When a friend is going through trouble, what is your reaction? Does your left brain whirr into action to try to resolve the issue with almighty logic? Do you lull them into muffled distraction with a litany of Julio Blanco shots? Do you offer advice? Do you simply implore them to Be Happy, You’ll Be Okay? I’ve been guilty of all these responses. While the intention is pure, the result rarely achieves what it intends.
We all have to will our own salvation. We’re the only ones that can think our thoughts, and we’re the ones that have to swallow the pills and be healthy.
It’s hard to witness pain when you can’t do anything to heal your friend or family member. When all your efforts to fix the problem are frustrated, it may seem like a natural progression to throw up your hands and leave your loved one to their own devices. I’ve done everything I can! Nothing I do helps! And then you peace out and go on to the other areas of your life where you can be useful. But you didn’t do everything. You weren’t a witness to their pain. It takes a resilient patience to see a friend in pain, watch as they hurt themselves and flinch as they hurt you, yet do nothing but be present.
When it comes to being there for a friend, the opposite of presence isn’t absence. It’s abandonment.
After all the work I’ve put in to heal myself, it’s not the people who tried to fix me with advice and tough love who I remember most as my allies.
It’s the ones who stayed with me through the darkness, who gave me the freedom to talk with them without shame while my life was breaking down around me. Here’s to the people who know the healthiest version of myself, but still made me feel worthy when I was galloping into the sunset on a horse named Bad Decisions.
Despite all the recent strides in mental health visibility and advocacy, it’s still extremely trying (and sometimes seemingly impossible) to get proper psychological care. The psychological care system caters to those who are so sick as to be non-functional (and of course to those with hefty bank accounts/benefits packages). What about those of us who are managing? What about those of us who despite everything still strive to achieve our goals? Those of us who choose not to label ourselves as mentally ill for fear it will impact our careers and relationships? Those of us who spend hundreds of dollars a month at the pharmacy because we work freelance or part-time jobs with no basic benefits? Or those of us who simply go without life-changing medication and therapy because it’s too expensive?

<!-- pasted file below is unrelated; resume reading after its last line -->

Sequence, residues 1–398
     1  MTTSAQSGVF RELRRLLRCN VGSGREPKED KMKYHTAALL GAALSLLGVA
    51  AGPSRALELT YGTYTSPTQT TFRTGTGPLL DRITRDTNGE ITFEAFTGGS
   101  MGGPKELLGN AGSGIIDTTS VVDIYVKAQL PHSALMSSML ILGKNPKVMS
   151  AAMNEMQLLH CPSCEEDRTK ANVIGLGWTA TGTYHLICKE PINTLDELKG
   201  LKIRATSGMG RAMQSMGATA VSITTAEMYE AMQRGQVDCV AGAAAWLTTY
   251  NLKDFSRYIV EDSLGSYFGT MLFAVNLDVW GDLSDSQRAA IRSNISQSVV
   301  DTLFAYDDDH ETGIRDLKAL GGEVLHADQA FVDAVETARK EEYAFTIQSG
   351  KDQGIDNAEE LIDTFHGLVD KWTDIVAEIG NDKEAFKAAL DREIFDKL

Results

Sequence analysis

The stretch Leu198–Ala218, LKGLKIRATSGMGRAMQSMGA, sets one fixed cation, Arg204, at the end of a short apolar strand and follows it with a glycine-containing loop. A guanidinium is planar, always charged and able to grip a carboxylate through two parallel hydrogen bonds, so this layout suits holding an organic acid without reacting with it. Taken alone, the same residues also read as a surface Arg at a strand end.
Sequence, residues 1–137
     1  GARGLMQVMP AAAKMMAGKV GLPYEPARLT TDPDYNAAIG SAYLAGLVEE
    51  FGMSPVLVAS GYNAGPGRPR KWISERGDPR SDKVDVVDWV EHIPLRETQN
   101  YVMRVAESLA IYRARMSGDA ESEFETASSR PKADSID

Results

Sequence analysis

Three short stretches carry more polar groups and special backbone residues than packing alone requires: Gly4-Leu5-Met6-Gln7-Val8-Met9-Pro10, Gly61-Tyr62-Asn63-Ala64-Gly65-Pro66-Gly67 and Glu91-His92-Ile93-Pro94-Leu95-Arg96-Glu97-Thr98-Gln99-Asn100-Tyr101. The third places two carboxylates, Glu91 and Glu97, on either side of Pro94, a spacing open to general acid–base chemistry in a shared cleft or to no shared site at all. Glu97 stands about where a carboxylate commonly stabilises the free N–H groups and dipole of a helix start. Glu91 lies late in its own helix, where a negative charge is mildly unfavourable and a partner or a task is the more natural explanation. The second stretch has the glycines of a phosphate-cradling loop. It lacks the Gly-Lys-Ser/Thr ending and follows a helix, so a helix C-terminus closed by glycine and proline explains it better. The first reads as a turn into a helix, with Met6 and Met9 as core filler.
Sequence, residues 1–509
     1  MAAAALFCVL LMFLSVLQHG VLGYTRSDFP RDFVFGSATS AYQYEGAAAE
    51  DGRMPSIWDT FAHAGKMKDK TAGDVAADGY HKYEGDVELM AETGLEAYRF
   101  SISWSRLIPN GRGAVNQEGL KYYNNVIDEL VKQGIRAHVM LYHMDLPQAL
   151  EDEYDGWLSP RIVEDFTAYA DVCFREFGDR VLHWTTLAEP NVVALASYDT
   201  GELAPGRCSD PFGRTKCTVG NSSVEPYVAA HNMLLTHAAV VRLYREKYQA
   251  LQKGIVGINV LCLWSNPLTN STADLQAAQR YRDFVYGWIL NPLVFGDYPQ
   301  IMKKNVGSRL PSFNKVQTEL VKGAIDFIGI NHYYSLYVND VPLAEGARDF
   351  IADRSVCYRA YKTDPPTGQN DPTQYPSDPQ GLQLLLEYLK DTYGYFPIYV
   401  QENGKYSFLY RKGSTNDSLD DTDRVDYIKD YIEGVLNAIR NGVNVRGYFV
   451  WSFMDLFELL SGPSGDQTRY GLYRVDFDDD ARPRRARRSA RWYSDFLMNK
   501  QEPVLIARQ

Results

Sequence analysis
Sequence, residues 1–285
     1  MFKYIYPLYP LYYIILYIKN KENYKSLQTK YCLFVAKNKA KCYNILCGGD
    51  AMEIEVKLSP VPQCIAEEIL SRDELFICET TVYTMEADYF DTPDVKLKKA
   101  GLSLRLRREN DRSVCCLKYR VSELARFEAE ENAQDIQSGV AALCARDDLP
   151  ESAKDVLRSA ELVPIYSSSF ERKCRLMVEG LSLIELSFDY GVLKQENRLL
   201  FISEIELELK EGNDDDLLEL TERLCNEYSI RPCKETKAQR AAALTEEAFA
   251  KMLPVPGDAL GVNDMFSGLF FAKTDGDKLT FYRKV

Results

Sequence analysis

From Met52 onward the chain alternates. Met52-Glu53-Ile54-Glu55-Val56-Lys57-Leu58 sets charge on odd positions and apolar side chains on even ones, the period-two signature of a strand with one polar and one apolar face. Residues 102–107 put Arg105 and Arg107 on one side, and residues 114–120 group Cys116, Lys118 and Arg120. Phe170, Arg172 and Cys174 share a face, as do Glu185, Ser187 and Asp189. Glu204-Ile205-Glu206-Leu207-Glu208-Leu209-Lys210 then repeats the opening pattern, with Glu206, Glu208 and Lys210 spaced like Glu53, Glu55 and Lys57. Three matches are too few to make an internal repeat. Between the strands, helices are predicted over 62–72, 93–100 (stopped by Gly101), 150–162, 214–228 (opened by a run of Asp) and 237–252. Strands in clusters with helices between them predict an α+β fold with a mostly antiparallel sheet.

Sometimes it seems like the only choice is between succumbing to the darkest stereotypes of mental illness in order to get proper care, or going it alone while doing our best to maintain the most successful version of our lives. I imagine a lot of suicides and attempts stem from a rejection of the second option. So what can you do to help? Just be there. Do what the mental health care system isn’t doing: encourage them to be their best, show them you won’t abandon them whether they’re doing bad or good, and let them know you don’t need or expect anything in return. If your loved one really loves you back, they will surely show you love in return, but at least it won’t be repaid as a debt.
Be there for your best friend, your brother, your mother. You don’t have to be around constantly, but let them know you’re interested and you care. Sometimes you won’t know if something was said or done because of an illness-related outburst, or if they ‘really meant it’. Well, I’ll tell you what. Stop trying to separate the person from the illness. It’s a futile exercise. When it comes to mental illness, most are lifelong cyclical issues. So if you really do want this person in your life, please acclimatize yourself to their condition and try to be okay with the fact that sometimes this relationship will be painful. And then it will be amazing again. If it’s not worth it to you, fine–you can’t be everyone’s hero. But for the ones that matter, it’s unbelievable how much your presence means.